A Long-Term Survival Guide – Military Survival Kits:
The US Armed Forces have developed a number of different survival kits over the years, as well
as a lot of individual equipment designed to help our troops stay alive in hostile environments.
Other countries have acquired similar kits, and some invented a few unique gadgets of their own.
Studying the kits and equipment is fun and instructive, and a source of ideas for your own kits.
Here are a few examples, but most of the kits were constantly being changed and improved upon,
especially during active conflicts, so there are many variations and experimental designs besides
the ones shown here. Some items, such as the Air Force Survival Vests, held different items that
were tailored for each individual mission, so these examples should be considered as typical kits.
E6 Survival Kit: (early Vietnam War issue)
This kit came in a canvas pouch with two lift the dot fasteners and a belt hook.
The pouch held two plastic flasks full of survival items, and a signal mirror.
Inside the pouch are two amber colored flasks, with a list of contents printed on the sides of each.
The tops of the flasks can be removed, to access the contents, then replaced to use the flasks as
water containers. The tops are held in place by wire bails. One flask contains chocolate rations,
chewing gum, bouillon powder, razor blades, leader kit, fish hook kit, fishing line kit, sewing kit,
compass, saw blade, prophylactics, sharpening stone, and matches (in a small plastic match safe).
The second flask has medical supplies, including four Band-Aids, two vials of pills, tweezers,
tooth brush, iodine, and a signaling mirror.
The flasks have rudimentary directions printed for each item, but most of them say things like
“Use As Desired”. They are also marked “WHEN NO LONGER NEEDED, DESTROY OR
HIDE FLASK AND ALL WRAPPERS”, to prevent any items from falling into enemy hands.
A modern version of this kit would be a wide-mouth water bottle, filled with survival items.
Airman’s Survival, Escape, and Evasion Kit (Issued 1968):
This kit is an antique, since it was made in 1968, before the invention of things like Velcro and
space blankets. The contents were packed in a heavy-duty plastic pouch, which also served as a
water container when empty. The pouch has two loops at the top, so it could be hung on a belt.
This is the #2 packet (#1 was a medical kit), and the plastic sheet, with contents printed on it.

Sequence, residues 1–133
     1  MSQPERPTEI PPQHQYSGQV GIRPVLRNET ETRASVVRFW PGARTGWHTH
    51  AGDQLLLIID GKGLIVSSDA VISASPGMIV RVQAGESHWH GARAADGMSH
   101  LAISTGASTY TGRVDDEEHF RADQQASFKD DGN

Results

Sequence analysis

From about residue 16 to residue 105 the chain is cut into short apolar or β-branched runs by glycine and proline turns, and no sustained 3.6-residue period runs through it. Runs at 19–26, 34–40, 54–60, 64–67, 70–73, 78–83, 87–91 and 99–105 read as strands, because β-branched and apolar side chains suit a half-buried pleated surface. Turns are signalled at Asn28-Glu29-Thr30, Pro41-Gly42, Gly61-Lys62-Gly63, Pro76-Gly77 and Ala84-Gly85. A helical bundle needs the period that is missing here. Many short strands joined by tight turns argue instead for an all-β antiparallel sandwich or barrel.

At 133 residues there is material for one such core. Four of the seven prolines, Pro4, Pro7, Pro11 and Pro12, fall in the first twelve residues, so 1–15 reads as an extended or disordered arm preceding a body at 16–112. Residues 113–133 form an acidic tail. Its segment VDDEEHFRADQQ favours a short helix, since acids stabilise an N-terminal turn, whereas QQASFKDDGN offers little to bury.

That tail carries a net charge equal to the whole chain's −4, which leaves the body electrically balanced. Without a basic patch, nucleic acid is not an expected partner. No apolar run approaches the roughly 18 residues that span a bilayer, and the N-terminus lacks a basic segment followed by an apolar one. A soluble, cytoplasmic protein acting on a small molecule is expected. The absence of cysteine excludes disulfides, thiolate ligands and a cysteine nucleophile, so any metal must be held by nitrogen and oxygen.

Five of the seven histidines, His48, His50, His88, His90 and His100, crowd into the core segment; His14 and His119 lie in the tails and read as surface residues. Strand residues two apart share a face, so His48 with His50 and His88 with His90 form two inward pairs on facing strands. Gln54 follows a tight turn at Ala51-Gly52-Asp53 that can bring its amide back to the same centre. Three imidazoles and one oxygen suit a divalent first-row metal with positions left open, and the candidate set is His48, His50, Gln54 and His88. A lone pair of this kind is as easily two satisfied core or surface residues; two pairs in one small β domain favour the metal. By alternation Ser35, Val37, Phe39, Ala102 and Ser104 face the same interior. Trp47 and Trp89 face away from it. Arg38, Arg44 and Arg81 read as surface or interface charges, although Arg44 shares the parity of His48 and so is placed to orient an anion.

The contents were on a plastic sheet, which was coated with adhesive, like a sheet of flypaper.
Each item was in a separate, sealed, labeled plastic bag, and was placed in the position on the
sheet where its name was printed. The plastic sheet was folded in half inside the pouch. All of
the items are in good shape, except the food and water purification tablets, which would all be
poisonous now, and the sawback knife blade, which broke in half in the sealed kit at some point,
probably due to embrittlement. The wristwatch compass has some crazing on the crystal, but it is
not cracked or broken, and it still works ok. Not bad for a forty-four year old survival kit.
This is how each item was stuck to the adhesive-coated roll, in its designated position.
Contents: sponge, bar of soap, mosquito headnet and mittens, water purification tablets,
flashlight filters, sunglasses, wire saw, arrowhead, flint bar fire starter, firestarter sheets and
tinder, signaling mirror and lanyard, candle, sawback knife blade, fishing kit (in green plastic
tube), fishing line, sewing kit (in green plastic tube), bullion cubes (two packs), candy (two
packs), flashlight and lanyard, wristwatch compass, and water bag (the empty carrying pouch).
This kit has some interesting items, which make it rather unique:
There is an arrowhead, the old hollow-socket style, for making an improvised hunting weapon.
There is the sawback knife blade, which is basically a sharpened hacksaw blade, and which was
designed to screw onto a separate flare gun.
There is a tiny flashlight (just left of the compass), on a lanyard made from the same cord as the
There is a metal match flint firestarter, which is on a lanyard that goes through a hole drilled in
the flint itself; it does not have a plastic handle like the later flints all did. The plastic sheet says
flint and matches, but there were no matches in the sealed kit.
There is a wire saw, which has a type of clip on each end, of unusual design.
The fishing kit and the sewing kit are each contained in a little plastic tube, similar to a match